Brian: I grew up in North London and studied at Central School of Art because I didn’t pass the exams to get into university. I became a partner in a prop making company called Small Works and worked as a theatre designer for four years, including with Lindsay Kemp. I enjoyed working with Lindsay and other directors but not theatre designing, so I decided instead to go to acting school to become a performer. I joined an experimental theatre group, Lumiere and Son, which offered a marvellous realisation that there were a bunch of people who liked doing the sort of things I did and thought the same things were funny and interesting.
I worked in experimental theatre in the 70s and 80s with two companies that I helped to form, Liquid Rational Theatre and Hidden Grin. It was a very exciting time in British experimental theatre, but it came to a crashing halt when I (and many other artists) lost our grant during the Thatcher years. I started to diversify into straight acting, performing at The Royal Court and The National Theatre, but I kept up my independent work.
I came to Australia 21 years ago and developed a solo show, A Large Attendance in the Antechamber. It did very well, touring to Edinburgh Festival and major festivals around the world. I’ve since worked at most of the theatre companies in Australia like Melbourne Theatre Company, Malthouse, Sydney Theatre Company and La Boite, but I always maintained my practice as an experimental theatre maker.
I received an Australia Council Fellowship in 2011, offered to artists only once in their career, which provides financial support for two years. I decided to work with 25 different artists that I admired and had worked with previously, half of them based in Australia and the other half in the UK. I worked for a week with each person with a completely open brief.
I first met Gideon when I was part of Chunky Move’s ‘Two Faced Bastard’ and I really enjoyed working with him as a director and choreographer. Gideon’s a really terrific artist and I’ve always admired his work. Lucy Guerin, Gideon’s partner (and the director of Two Jews) is a great director and choreographer herself. The idea of collaborating with those two, well, I can’t think of anybody I’d rather work with.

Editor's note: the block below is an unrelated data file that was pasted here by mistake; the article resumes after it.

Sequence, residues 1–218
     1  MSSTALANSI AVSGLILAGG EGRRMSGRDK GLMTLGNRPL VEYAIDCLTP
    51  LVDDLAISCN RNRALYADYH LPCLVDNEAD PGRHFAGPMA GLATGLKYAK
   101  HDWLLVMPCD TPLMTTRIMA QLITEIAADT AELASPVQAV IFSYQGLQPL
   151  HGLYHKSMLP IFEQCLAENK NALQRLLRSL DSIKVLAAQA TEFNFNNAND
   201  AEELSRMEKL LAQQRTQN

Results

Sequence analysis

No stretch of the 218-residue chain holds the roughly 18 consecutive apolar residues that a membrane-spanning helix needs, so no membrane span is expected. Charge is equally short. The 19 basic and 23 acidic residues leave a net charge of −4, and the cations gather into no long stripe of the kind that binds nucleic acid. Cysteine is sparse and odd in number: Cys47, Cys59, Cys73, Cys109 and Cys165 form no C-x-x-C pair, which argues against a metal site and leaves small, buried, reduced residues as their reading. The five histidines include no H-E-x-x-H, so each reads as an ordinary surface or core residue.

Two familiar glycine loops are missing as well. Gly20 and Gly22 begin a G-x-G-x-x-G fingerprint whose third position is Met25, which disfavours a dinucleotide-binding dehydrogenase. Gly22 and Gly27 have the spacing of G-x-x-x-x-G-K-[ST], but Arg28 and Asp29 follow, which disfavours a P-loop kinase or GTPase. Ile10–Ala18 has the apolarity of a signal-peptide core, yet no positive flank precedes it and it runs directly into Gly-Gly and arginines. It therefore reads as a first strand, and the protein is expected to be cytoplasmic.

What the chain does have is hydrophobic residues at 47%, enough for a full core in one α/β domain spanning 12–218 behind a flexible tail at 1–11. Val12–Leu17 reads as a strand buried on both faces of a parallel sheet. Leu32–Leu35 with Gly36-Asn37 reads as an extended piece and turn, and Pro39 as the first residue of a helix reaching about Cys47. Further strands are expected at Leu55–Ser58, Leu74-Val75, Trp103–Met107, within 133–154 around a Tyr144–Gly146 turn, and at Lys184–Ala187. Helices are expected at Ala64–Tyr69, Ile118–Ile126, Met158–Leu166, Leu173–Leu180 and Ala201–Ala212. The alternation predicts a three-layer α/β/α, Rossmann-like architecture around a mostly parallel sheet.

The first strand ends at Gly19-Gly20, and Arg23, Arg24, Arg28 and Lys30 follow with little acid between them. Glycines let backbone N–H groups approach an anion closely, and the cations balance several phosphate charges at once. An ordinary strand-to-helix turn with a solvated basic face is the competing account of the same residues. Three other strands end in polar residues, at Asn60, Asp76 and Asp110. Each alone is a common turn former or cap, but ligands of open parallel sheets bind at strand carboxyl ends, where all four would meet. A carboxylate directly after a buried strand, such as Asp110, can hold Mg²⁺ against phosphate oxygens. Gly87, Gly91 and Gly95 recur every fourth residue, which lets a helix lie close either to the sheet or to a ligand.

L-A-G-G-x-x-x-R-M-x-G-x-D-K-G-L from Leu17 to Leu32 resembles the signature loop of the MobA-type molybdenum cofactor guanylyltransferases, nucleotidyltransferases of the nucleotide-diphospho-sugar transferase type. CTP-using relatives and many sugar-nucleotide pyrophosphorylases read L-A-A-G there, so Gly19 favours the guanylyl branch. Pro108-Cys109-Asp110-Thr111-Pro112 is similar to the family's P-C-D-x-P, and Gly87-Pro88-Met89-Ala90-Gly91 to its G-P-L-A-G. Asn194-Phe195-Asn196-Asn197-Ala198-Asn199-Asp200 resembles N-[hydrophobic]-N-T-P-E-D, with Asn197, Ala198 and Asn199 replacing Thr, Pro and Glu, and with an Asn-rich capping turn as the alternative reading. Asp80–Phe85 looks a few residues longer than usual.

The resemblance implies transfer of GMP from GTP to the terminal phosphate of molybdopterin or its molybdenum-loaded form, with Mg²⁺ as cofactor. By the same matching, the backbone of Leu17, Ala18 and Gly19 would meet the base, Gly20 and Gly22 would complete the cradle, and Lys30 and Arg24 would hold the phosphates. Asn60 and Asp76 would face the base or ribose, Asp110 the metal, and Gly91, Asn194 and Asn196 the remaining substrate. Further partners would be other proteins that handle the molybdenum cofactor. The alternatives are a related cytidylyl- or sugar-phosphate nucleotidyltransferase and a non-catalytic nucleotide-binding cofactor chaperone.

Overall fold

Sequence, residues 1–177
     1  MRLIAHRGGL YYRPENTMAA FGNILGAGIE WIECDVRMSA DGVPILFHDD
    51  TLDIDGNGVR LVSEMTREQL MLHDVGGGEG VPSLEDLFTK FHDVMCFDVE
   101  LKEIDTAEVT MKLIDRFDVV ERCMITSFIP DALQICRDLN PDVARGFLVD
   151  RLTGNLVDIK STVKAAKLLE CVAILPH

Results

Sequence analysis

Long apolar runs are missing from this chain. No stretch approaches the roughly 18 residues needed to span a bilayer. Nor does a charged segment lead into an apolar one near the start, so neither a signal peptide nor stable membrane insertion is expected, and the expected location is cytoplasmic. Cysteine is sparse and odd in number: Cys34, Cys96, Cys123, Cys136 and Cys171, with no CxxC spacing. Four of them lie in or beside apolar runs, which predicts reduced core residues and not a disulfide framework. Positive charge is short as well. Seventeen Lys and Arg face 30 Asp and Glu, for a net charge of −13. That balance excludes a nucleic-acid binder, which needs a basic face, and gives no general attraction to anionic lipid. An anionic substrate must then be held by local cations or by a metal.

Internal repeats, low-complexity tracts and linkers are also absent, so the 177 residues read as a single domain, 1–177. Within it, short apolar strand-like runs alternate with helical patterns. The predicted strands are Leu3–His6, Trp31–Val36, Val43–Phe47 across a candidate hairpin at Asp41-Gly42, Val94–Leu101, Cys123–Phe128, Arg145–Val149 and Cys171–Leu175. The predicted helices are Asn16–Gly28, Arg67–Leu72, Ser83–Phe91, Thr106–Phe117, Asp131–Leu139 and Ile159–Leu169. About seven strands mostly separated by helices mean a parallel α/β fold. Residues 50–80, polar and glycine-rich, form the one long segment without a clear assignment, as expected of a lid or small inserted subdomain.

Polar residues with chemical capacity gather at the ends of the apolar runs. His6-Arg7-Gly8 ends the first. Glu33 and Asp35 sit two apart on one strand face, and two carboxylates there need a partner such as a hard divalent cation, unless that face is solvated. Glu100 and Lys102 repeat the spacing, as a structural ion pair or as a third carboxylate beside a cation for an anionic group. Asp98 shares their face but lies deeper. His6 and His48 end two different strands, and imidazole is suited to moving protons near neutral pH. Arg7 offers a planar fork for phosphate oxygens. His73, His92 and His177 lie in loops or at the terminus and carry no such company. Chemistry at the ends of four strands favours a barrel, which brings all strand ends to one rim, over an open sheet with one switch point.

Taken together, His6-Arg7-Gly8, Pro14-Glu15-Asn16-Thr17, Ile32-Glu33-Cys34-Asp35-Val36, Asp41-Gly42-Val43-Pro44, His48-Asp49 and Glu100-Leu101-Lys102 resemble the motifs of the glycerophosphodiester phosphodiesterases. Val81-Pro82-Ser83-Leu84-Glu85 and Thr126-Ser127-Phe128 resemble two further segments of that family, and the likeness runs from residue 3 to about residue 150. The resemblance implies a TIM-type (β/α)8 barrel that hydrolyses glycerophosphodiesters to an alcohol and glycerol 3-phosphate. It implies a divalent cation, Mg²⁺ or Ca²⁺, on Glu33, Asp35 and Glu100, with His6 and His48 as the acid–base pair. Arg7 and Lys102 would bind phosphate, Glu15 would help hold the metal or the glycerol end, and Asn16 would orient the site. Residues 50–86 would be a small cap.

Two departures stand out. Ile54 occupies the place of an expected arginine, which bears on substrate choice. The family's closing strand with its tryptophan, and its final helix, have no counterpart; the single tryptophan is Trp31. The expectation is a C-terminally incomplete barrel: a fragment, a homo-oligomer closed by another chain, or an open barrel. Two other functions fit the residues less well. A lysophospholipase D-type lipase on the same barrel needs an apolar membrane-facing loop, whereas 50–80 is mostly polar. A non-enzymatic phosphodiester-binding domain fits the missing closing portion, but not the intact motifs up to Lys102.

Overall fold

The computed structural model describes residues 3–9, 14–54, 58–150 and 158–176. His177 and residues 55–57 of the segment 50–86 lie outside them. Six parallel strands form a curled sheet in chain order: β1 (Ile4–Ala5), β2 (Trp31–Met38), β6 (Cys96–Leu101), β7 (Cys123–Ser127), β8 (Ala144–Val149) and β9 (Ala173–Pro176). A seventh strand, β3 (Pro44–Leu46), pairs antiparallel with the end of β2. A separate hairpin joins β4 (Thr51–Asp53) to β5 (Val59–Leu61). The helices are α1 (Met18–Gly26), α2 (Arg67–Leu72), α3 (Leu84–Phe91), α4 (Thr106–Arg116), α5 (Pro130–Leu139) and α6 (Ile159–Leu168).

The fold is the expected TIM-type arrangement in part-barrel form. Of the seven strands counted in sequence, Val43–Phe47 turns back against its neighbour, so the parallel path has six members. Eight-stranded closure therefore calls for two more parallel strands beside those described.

It’s been an interesting exercise getting to know Gideon through his father who I didn’t know anything about before we did that first improvisation at Arts House in Melbourne. I had no idea that Gideon had grown up on a Kibbutz in Israel and English is his second language.
We’ve both had difficult relationships with our parents and our fathers in particular, who we disapprove of.
Like Gideon’s father, my father Lawrence was also a socialist and Jew, although he had a very different relationship to Judaism and felt very angry about being saddled with the ‘affliction’ of being Jewish. I’ve never felt particularly passionate about being Jewish, although I did have a Bar Mitzvah to please the relatives, much to his chagrin.
I’ve become more fond of my father since his death. I felt rather overwhelmed by him, he was a very successful man in some ways, good at sports and school, and very ambitious for me. He was very disappointed that he didn’t get to fulfil his dreams of going to university because of the war and ended up working for his father, which he hated. I think he felt I would do all the things he’d hoped to, but I was a terrible student at school and ended up doing these embarrassing things on stage as an experimental performer.
Had my father seen the work, I think he would have been very embarrassed and disturbed, although I think he would have been pleased with its success and positive reviews on my behalf. He’s not as thick skinned as Gideon’s father who loves the show and thinks of it as a mouthpiece for his ideas and prejudices. I suppose my father would like it for that reason too, but he would also find it really embarrassing.